Danilo Kis was born on February 22, 1935 in Subotica, a small town north of Serb.He moved to Hungary during World War 2. He attended the University of Belgrade where he studied General and Comparative Literature and graduated in 1958. He wrote for the Vidici Magazine. He wrote novels, essays and poetry. His works include: Attic, Psalm 44, Garden, Ashes, a Tomb for Boris Davidovich and Encyclopedia of the Dead. In 1986, he was named knight of Arts and Letters. He spent most of his life in Belgrade - until his last decade which he spent between France and Belgrade. He spent a number of years as a lecturer in France. He was nominated for the Nobel Prize in Literature and was expected to win however he died in Paris on October 15, 1989 before it was announced.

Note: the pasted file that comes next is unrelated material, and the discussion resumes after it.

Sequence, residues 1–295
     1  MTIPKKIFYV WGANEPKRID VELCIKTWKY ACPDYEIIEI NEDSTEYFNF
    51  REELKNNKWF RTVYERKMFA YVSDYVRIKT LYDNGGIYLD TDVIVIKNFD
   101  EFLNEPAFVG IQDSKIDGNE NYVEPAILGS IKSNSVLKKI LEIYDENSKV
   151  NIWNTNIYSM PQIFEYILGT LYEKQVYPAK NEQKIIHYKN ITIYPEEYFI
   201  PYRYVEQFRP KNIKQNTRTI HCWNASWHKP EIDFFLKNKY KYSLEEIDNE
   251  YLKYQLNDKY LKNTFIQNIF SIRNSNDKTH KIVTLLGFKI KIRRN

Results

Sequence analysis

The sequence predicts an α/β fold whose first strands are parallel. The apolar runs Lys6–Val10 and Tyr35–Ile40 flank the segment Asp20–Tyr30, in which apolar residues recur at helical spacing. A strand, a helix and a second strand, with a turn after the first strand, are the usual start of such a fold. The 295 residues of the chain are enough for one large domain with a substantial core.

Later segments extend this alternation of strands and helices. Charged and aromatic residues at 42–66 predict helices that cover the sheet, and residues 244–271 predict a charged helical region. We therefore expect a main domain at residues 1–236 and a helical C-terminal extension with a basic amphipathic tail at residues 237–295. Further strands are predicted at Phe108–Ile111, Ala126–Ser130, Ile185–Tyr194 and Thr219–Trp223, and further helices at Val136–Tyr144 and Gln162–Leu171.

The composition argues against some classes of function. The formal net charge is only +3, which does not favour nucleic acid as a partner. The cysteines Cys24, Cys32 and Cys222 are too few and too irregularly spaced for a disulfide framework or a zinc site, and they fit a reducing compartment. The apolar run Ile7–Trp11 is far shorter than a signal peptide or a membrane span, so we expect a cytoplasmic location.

Michael Henry Heim was born in New York on January 21, 1943. He received an undergraduate degree from Columbia University and a doctorate in Slavic languages from Harvard University. He was fluent in Czech, French, German, Italian, Russian and Serbian/Croatian and possessed a reading knowledge of six more languages. He became a professor of Slavic languages at the University California at Los Angeles in 1972 and served as chairman of the Slavic languages department from 1999 to 2003. He was known for his translations of works by Gunter Grass, Milan Kundera, Thomas Mann and Anton Chekhov. He received numerous awards for his work including the Helen and Kurt Wolff Translator's Prize in 2005, the PEN/Ralph Manheim Medal for Translation in 2009, and the PEN Translation Prize in 2010. He died from complications of melanoma on September 29, 2012 at the age of 69.